Last month, CPA Brittany Fisher inquired if she may contribute an article on financial well being for artists. She shared in her email to me that her niece is an artist so she’s seen how difficult it can be making ends meet.
“When you don’t have a stable income, which is often the case for artists of all types, it can be difficult to figure out how to cover one’s costs for the month let alone plan for the future. I recently helped my sister set up shop as a dog walker and work out the financial side of selling her art online. It took a couple of months, but now she has a steady dog walking clientele, more opportunities to sell her art, and is feeling less financial stress overall. I’d love to help other artists lessen their financial strain. I thought a great way to do so would be to provide an article with tips on how to get started in a side gig that is profitable and flexible so that they can still have plenty of time to create. It’s simply my way to give back to a community that gives us all so much,” said Ms. Fisher.
Since several of my art students over the years have expressed an interest in becoming professional artists, the topic is indeed appropriate.
The title of Ms. Fisher’s essay is: Don’t be a Starving Artist • Part-Time Jobs that Pay
We hope you find it enlightening and will consider sharing it with an aspiring artist who might benefit from this sound financial advice.
As an artist, you’ve no doubt made your mark in the world. But, sometimes, that mark is not enough to pay the bills. I a pleased to offer advice on the best side gigs to help you keep a roof over your head and the freedom to create.
Open your eyes
You should know that you’re probably overlooking many income opportunities right in your own backyard, literally and figuratively. Chances are, your interests don’t stop at the paintbrush. Start your search for financial satisfaction with things you already do. For instance, if you also like to travel, consider taking classes and becoming a part-time travel planner. Inc. reports that you can make up to $4,000 by planning just three cruises. You can also turn your spare space to spare change. Plant a backyard garden and sell produce. Post advertisements on your vehicle for a small monthly paycheck. You can also sell your photographs online or get your exercise in as a group fitness instructor.
Are you an animal person? Consider opening up your home to furry friends from the neighborhood. As a dog boarder, you can earn a few hundred dollars each week watching people’s precious pets while they’re out of town. If you live in an apartment or your HOA does not allow extra animals on premises, you can still get in some dog time as a dog walker. Rover, a nation-wide network of animal care enthusiasts, can help you find your first dog-walking clients.
Use your skills
Being an artist is tough. Not everyone will appreciate your creative visions, making it difficult to make money doing what you love. But, you can harness your artistic skills doing something you like. Most tourist-centric areas have a host of opportunities for artists. This might be in the form of painting murals on buildings, creating photo-booth cutouts for events, or working as a street artist drawing caricatures. The upside is that you get paid to create art. The downside is that you are doing it on someone else’s terms. If you can handle criticism and have a versatile artistic skill set, becoming a contract or freelance artist can bring in some serious cash.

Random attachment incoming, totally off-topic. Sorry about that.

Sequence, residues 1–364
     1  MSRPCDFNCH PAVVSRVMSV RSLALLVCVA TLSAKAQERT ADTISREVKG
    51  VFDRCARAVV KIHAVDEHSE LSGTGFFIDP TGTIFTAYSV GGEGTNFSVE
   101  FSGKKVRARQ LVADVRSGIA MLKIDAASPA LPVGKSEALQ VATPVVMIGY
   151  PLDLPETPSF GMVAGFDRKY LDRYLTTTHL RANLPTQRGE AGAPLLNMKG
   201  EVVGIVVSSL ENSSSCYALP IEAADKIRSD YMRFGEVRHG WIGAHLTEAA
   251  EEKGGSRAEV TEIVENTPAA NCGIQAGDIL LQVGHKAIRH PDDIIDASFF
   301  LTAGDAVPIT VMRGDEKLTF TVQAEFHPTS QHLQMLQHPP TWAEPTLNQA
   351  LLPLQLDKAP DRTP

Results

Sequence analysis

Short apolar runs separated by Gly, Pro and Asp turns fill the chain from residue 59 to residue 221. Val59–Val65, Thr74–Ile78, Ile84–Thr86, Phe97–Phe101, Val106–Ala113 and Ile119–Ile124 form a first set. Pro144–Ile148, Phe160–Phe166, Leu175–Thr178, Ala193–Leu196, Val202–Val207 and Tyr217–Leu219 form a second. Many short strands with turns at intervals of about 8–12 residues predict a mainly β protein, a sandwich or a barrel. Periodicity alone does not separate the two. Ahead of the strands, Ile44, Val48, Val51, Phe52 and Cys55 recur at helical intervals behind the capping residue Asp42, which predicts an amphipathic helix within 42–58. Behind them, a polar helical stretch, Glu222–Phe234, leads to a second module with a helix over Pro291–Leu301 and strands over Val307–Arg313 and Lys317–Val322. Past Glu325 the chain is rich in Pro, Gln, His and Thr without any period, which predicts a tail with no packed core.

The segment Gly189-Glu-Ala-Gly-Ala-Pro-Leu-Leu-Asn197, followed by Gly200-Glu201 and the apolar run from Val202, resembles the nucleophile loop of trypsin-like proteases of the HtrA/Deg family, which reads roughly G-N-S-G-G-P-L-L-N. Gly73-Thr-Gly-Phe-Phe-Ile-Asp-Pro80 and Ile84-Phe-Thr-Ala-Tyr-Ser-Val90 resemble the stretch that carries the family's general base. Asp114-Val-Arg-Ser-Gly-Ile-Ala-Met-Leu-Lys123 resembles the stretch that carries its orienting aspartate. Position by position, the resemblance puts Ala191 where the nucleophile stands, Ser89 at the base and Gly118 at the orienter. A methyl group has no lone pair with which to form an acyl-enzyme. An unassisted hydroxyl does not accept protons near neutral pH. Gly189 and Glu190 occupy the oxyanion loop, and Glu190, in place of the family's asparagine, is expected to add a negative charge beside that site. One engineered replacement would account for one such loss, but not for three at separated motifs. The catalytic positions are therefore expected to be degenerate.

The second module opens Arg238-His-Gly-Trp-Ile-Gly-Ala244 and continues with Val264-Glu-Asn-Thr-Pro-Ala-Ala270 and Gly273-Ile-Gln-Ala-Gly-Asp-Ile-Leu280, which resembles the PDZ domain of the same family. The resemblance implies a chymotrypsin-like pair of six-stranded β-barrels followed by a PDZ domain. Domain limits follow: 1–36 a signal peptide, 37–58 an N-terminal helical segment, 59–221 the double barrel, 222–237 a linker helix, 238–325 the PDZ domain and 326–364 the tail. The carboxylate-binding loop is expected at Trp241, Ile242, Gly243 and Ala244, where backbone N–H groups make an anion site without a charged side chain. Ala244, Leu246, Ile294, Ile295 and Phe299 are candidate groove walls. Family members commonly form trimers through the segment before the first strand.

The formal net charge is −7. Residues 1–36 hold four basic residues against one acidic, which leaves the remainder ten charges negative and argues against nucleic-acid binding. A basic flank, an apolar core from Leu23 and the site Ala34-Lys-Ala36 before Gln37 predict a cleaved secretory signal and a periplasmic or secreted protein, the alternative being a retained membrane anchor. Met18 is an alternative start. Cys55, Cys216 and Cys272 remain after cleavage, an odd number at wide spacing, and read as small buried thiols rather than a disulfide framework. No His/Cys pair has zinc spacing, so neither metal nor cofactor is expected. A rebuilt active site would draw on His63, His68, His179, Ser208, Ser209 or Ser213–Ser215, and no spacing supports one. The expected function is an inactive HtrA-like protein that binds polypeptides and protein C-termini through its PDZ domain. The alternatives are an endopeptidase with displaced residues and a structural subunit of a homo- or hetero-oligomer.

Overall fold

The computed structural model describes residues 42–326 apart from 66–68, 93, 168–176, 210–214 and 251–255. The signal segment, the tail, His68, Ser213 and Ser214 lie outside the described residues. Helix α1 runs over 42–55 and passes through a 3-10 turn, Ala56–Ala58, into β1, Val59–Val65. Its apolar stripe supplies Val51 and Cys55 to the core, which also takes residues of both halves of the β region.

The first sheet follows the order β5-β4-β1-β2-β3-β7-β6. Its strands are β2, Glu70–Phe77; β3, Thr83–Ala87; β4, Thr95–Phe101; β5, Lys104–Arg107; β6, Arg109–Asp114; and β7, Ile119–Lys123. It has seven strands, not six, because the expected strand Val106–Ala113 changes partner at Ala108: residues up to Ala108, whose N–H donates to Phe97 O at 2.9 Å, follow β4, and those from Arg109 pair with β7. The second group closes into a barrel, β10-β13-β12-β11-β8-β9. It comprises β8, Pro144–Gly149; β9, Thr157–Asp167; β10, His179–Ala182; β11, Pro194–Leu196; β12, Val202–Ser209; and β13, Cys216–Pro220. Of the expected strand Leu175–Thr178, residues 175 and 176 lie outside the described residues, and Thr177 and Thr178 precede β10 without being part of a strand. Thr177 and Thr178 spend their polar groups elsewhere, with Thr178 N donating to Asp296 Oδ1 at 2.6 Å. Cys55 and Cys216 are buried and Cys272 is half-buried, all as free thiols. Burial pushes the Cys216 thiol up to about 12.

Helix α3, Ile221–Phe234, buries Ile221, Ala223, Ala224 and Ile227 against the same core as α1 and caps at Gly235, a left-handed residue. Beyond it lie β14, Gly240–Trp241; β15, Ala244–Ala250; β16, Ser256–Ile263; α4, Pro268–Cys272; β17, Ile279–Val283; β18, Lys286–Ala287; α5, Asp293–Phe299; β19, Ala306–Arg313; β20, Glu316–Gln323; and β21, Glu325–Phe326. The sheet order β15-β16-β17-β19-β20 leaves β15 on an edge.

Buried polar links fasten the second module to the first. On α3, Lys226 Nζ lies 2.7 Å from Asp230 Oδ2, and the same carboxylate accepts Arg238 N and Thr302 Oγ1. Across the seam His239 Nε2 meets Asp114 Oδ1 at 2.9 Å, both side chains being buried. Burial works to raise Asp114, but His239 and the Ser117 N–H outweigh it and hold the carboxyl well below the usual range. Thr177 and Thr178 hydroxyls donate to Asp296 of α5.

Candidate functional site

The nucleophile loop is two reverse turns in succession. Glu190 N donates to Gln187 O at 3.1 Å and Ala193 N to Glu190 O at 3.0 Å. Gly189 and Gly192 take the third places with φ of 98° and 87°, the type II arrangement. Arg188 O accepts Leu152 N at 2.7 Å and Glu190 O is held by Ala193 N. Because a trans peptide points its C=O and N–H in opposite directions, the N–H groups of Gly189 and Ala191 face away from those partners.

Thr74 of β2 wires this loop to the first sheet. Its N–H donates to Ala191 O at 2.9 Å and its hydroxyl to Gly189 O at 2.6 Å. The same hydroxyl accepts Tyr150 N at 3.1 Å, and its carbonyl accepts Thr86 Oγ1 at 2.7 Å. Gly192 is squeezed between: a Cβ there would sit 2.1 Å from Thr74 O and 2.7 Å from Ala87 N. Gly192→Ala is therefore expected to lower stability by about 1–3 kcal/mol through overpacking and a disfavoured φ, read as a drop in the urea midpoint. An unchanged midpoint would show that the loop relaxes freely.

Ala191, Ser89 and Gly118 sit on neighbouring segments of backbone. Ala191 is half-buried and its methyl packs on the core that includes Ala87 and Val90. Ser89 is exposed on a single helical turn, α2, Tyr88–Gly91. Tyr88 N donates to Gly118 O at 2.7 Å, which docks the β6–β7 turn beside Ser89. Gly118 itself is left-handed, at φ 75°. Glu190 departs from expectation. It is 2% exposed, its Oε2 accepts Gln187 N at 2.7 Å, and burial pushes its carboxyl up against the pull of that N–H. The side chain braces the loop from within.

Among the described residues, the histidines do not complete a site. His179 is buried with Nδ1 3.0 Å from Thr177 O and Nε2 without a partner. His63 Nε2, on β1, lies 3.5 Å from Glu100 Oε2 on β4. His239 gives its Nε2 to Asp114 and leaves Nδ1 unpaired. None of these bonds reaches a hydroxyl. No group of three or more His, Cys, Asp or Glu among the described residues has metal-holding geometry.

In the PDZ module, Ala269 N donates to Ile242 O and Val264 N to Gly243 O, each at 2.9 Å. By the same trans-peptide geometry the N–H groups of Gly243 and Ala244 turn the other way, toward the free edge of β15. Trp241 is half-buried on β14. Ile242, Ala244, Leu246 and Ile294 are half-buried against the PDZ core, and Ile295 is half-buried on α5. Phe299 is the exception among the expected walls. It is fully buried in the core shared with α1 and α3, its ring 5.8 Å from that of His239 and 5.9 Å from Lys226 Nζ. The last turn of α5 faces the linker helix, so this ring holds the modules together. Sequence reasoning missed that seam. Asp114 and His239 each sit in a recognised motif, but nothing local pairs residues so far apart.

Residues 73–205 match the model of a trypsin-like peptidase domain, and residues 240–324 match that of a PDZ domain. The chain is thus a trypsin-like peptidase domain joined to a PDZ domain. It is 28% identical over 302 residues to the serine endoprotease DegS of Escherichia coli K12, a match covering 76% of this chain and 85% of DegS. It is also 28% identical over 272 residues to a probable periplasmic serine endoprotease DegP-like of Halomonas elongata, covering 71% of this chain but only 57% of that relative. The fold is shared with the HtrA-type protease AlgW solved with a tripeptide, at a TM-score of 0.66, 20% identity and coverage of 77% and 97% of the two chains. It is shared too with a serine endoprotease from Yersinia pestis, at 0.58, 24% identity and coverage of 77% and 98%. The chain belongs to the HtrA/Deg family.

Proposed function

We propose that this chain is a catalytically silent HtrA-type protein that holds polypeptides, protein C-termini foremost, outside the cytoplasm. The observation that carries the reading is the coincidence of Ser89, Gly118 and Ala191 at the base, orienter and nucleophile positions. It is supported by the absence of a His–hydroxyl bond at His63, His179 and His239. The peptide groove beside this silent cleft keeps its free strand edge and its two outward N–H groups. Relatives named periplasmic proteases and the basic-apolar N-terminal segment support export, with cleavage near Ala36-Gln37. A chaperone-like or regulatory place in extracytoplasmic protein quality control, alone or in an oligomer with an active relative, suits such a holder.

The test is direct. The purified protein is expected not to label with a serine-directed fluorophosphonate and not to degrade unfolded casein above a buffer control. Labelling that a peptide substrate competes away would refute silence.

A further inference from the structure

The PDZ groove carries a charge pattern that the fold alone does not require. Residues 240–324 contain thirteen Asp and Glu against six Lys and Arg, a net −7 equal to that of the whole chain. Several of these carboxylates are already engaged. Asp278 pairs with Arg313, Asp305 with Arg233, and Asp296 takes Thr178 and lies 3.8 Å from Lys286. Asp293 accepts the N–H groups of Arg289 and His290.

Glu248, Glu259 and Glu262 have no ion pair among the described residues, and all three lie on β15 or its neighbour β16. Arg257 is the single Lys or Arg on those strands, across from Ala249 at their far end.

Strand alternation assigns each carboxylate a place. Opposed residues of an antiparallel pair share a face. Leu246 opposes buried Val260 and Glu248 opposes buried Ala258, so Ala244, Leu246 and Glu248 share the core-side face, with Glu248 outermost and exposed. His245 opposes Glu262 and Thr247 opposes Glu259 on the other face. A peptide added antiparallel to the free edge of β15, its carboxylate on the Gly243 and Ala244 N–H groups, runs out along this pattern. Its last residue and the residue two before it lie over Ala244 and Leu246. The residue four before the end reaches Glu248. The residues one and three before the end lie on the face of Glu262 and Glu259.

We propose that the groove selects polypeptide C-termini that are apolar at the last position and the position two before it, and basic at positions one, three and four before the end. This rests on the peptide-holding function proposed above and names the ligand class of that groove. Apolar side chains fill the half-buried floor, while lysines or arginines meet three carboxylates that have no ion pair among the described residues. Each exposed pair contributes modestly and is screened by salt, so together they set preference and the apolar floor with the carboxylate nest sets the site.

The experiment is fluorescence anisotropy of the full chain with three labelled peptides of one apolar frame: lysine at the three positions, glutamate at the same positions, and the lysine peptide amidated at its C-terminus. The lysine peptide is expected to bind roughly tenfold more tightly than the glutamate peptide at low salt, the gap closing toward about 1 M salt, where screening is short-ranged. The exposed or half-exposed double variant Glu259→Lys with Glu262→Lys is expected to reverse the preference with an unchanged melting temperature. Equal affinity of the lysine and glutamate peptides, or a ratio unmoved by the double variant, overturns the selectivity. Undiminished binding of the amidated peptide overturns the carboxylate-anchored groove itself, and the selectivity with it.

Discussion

There are also numerous opportunities for creative minds in the form of book, story, and art submissions for children’s literary publications. If you can write fun poetry, you can pretty easily snag an extra $25-$100 per accepted submission. Short stories for kids and young adults often pay as much as $.10 per word, meaning an afternoon plugging away at the computer can help you pocket $250 or more. Other artistic endeavors include working in a photo studio, or going digital and providing graphic design services to small businesses.
Think outside the box
While it might seem cliché, if you truly want flexibility, you’ll have to think outside the proverbial box. There are income opportunities in places you may not expect. Business Insider claims that you can make up to $26 an hour working as an archivist for your local library or up to $100 per project to write down your thoughts on shopping, entertainment, and culture relating to your own neighborhood. If you prefer to stay home, there are plenty of jobs that require little experience but let you enjoy a 10-second commute. These include transcriptionist, remote customer service agent and search engine evaluator.
You don’t have to sacrifice your creative endeavors but you do have to pay the bills. By looking for income opportunities in unexpected places, you can maintain the flexibility you need to give the world a glimpse into your imagination while continuing to put food on the table.
About the Author:
Ms. Fisher has spent more than 20 years as a CPA and is currently working on a book about financial literacy. She also runs the blog, Financiallywell.info.
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